Joe B. Ardourel
March 29, 1931 – April 28, 2015
Born in Boulder, and educated in the Boulder Public Schools, Joe graduated from Boulder High School in 1949. While attending the University of Colorado, Joe was inducted into Sumalia and Heart and Dagger honor societies, was a member of Sigma Chi fraternity, and was an editor-in-chief of The Coloradan yearbook. After receiving his BA in Journalism in 1953, Joe served two years as a second lieutenant in the US Army Intelligence Service. Following his discharge from the army, Joe continued his higher education and received an MA in Journalism from Syracuse University, an MA in English Literature from the University of Colorado, and an MA in English Literature from the University of California, Berkeley.
In 1962, Joe returned to Boulder, Colorado where he began his career as an artist, specializing in woodcuts and serigraphs. Other than a few elective art courses in high school and college, Joe was largely self-taught. Spanning 19 years, his professional output ranged from the Quena Player (1964) to the San Luis Obispo Mission (1983). He primarily created woodcuts and serigraphs (silkscreens) but he also produced linocuts, collocuts, and vacuforms.
Among the public collections including his work are the Brooklyn Museum, the Smithsonian Institution, the Dallas Museum of Fine Art, The Boston Public Library, The Cincinnati Art Museum, and the US State Department. He was elected to membership in two prestigious graphics organizations: the Society of American Graphic Artists and the Audubon Artists, both of New York City.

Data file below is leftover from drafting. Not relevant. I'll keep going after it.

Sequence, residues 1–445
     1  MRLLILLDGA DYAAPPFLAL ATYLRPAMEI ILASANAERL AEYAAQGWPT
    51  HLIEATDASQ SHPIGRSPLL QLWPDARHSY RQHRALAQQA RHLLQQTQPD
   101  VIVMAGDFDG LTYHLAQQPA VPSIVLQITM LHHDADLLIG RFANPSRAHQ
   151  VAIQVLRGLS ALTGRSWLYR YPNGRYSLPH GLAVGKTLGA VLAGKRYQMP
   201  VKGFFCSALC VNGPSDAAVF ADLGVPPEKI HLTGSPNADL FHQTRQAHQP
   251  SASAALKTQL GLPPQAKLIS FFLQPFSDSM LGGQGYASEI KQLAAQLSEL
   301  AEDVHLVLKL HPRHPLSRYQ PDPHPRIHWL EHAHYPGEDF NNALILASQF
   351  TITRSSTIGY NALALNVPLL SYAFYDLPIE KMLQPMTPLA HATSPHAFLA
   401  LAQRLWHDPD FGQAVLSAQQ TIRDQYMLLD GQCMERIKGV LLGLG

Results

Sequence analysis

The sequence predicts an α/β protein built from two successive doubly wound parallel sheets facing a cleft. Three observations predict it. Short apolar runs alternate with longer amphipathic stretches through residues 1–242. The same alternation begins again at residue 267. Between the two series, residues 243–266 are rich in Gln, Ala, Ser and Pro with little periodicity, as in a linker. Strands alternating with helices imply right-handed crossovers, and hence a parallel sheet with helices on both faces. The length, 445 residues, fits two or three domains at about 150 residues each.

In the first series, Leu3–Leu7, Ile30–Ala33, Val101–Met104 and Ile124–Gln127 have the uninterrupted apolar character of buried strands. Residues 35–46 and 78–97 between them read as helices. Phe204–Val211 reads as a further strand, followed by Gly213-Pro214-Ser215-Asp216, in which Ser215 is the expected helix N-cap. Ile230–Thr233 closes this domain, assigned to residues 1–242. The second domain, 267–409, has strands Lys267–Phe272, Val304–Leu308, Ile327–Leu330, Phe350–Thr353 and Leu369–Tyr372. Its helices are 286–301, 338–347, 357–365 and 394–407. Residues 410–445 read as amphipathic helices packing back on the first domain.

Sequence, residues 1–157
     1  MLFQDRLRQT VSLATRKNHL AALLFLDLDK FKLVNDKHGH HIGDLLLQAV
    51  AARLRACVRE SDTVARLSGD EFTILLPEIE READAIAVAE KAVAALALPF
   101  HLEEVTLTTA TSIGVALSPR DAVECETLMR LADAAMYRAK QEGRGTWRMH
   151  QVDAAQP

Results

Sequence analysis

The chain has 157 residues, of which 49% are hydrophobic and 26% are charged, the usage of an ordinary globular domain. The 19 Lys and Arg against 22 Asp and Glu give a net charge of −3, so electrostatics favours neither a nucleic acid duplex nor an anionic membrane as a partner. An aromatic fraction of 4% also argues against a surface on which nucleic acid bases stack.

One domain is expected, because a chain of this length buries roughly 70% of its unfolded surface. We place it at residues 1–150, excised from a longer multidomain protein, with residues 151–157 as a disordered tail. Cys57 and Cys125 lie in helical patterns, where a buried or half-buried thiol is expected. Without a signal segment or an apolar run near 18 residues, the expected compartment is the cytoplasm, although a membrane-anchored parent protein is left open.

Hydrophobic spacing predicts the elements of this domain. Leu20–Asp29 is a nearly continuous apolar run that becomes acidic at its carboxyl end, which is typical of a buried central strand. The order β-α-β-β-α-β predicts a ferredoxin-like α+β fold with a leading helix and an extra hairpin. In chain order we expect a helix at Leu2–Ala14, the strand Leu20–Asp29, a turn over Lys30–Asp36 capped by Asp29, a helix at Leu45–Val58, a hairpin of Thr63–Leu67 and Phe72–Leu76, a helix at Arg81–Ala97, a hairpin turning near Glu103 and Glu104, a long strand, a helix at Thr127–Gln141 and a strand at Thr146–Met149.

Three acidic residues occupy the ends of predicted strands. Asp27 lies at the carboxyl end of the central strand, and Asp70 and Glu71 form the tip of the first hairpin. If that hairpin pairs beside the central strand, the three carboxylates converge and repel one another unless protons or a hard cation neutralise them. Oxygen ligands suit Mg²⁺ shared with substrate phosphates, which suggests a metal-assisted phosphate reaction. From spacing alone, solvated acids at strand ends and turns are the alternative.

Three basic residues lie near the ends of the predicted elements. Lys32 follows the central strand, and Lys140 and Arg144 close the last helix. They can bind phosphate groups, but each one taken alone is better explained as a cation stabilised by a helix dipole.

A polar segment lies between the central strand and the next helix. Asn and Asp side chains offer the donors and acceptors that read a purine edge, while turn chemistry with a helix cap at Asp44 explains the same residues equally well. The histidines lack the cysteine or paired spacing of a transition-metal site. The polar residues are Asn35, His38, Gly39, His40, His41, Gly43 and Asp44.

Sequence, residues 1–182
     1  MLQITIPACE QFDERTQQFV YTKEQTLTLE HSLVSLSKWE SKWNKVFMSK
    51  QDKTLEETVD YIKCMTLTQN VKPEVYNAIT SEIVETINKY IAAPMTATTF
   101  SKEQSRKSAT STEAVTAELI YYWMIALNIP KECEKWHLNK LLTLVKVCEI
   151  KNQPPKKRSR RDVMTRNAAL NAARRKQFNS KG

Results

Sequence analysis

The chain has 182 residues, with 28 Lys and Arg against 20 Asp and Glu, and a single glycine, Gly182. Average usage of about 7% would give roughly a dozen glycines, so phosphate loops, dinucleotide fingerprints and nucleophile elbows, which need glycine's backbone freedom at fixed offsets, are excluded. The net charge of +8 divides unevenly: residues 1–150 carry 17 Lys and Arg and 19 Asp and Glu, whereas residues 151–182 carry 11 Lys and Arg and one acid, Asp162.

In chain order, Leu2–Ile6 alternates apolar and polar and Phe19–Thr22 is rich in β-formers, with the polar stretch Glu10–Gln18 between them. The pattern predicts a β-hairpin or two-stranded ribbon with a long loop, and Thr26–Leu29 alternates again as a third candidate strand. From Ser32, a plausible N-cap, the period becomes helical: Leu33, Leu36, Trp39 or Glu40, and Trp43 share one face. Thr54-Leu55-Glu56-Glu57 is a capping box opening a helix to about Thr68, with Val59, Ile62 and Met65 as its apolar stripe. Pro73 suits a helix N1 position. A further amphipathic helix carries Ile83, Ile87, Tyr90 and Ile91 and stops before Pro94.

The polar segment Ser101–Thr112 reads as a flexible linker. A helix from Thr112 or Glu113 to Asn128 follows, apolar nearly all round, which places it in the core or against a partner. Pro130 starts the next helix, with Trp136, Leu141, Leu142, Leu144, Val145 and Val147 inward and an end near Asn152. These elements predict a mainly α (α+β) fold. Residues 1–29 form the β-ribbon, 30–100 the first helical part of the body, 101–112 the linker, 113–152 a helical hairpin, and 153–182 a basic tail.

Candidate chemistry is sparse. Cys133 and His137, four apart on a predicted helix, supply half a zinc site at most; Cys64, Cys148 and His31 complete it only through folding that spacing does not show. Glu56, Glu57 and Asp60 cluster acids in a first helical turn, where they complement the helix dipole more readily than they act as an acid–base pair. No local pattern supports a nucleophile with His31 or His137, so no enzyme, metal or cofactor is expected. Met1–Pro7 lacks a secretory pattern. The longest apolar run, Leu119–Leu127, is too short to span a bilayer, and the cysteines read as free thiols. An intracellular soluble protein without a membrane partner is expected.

Joe was descended from a long line of early settlers in Boulder County. His mother’s ancestors, the Fabrizios, settled in Louisville, Colorado, in the late 1800s. The Ardourel family home in Boulder on Highland Avenue, built by his grandfather Theophile (“Joe”) Ardourel, is listed in the Boulder historical houses registry.
Joe Ardourel was a man of exceptional talent. Formally educated as a writer and self-taught as an artist, he was a man of the arts and enjoyed them as well. Joe attended the opera from local productions to the Metropolitan Opera in New York City; and, later in life, could be found enjoying the broadcast of a production on television.
Visually, Joe created great art for 20 years. During this time, he developed a great skill in renovating the homes he lived in and made art of his living space, especially the Carriage House in Boulder. Many in Florida admired his final home for its great landscaping.
Joe had many faithful canine companions over the years ranging from his basset hound “Mister” to his dachshunds “Nadia” and “Rex”.